The Nigerian government has “conditionally” lifted the export prohibition on wood and charcoal.
The Minister of Environment, Mohammed Abdullahi, made the statement on Thursday in Abuja following a meeting with timber and afforestation industry stakeholders.
He noted that many companies have been adversely affected by the restriction and that the decision was made to encourage private sector and individual investment in afforestation.
The minister warned that severe actions would be taken by the government to end forest abuse and guarantee sustainable forest management.
Following “extensive consultative engagement with stakeholders in the timber/afforestation business and value chain,” he tweeted, “today at the Green Building of the federal ministry of environment, I gave the nod for a conditional lifting of ban/suspension on the export of charcoal and processed wood.”
“The ministry has observed that many businesses have been unintentionally affected, especially those converting waste to wealth for export by the ban.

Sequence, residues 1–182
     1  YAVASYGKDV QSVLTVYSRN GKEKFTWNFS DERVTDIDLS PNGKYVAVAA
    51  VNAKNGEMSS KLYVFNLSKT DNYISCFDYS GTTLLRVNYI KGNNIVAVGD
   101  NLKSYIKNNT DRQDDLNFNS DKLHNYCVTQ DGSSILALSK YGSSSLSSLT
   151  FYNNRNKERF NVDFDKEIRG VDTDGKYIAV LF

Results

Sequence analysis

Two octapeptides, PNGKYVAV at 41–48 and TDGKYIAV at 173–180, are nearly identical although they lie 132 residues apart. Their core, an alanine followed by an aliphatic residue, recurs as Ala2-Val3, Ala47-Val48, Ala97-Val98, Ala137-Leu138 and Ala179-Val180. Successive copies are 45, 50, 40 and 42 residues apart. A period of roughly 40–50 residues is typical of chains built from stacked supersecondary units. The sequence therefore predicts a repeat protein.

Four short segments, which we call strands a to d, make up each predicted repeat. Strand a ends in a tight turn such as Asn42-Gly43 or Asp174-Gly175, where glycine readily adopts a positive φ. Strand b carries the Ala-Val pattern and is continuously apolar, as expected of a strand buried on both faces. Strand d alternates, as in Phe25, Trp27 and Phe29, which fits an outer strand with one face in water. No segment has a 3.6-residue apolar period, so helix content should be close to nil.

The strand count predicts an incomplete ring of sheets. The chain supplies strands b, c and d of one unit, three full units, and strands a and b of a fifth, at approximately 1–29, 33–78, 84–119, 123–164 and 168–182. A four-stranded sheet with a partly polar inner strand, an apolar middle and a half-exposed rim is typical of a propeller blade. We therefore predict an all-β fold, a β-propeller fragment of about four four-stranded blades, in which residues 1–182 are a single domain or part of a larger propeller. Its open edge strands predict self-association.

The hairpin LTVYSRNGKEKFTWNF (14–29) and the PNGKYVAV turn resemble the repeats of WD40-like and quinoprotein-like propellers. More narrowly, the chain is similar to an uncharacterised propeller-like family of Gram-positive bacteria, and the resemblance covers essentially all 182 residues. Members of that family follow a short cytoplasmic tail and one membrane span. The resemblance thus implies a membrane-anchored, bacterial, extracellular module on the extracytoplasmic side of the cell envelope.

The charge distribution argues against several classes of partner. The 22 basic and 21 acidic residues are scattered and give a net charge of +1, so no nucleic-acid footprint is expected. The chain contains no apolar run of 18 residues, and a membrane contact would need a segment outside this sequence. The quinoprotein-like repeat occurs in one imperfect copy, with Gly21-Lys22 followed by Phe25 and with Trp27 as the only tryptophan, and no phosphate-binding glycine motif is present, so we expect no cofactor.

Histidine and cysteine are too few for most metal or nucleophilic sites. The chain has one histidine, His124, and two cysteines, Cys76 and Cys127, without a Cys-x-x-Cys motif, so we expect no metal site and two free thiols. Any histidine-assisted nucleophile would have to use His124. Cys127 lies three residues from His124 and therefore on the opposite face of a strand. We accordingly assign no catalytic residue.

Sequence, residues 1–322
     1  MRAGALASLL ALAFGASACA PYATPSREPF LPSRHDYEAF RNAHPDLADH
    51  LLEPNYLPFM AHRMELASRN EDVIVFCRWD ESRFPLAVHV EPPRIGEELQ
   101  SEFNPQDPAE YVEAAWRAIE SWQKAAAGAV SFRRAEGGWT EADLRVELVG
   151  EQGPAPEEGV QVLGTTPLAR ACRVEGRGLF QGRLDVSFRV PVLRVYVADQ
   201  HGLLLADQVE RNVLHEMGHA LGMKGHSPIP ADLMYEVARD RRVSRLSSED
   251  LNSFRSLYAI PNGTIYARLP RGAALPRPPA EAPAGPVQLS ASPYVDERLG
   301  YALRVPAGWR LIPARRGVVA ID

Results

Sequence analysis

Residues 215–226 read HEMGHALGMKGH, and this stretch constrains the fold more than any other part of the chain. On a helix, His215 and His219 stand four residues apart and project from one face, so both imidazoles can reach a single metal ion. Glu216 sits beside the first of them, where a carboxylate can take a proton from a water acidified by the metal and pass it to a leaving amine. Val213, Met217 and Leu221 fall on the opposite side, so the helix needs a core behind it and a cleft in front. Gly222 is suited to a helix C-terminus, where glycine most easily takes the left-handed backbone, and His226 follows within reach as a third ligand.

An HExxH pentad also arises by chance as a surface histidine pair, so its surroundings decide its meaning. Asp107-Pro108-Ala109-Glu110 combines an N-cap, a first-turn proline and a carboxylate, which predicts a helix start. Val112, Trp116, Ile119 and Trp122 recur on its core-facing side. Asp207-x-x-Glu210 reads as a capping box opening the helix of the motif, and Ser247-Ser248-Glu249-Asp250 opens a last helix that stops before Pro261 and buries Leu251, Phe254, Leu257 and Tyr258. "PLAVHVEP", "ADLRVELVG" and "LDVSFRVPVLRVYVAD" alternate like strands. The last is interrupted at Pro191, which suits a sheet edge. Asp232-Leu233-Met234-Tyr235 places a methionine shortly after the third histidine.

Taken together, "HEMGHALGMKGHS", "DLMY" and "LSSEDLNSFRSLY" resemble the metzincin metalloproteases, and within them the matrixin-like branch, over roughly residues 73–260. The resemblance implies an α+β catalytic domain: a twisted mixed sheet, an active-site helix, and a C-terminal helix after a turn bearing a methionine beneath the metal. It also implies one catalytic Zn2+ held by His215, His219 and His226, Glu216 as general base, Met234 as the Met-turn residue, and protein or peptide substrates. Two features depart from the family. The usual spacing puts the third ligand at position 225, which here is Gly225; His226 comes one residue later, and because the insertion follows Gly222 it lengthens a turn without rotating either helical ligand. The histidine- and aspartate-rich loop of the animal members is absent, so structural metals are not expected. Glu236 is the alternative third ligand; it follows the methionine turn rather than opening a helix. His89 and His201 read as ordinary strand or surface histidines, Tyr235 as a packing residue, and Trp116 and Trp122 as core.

“As a responsible government, we would not be rigid in our policies and will always listen to citizens on how these policies affect them. Thus, we will be flexible in our decisions.
“The disposition decision taken by the government today is an opportunity for the private sector and individuals to massively invest in plantation establishments for their own use in the future.”
During his remarks, the minister who unveiled the Nigeria Timber Legality Standards and Guidelines paper urged attendees to follow them so that they can avoid legal trouble.
He recommended the establishment of a collaborative task team for monitoring compliance.
As a result, he said, “the Nigerian government has put in place stringent measures to stem the tide of our forest abuse and ensure sustainable forest management, which includes the setting – up of a Joint Task Force, National Forestry Trust Fund, Nigeria Timber Legality Standards, Inter-Ministerial.
“An inter-agency national stakeholders forum on the fight against wildlife and forest crime in Nigeria (including national elephant and ivory action plans), revised guidelines on export of wood and charcoal and a sustained afforestation programme. I subsequently launched the Nigeria timber legality standards and guidelines document.”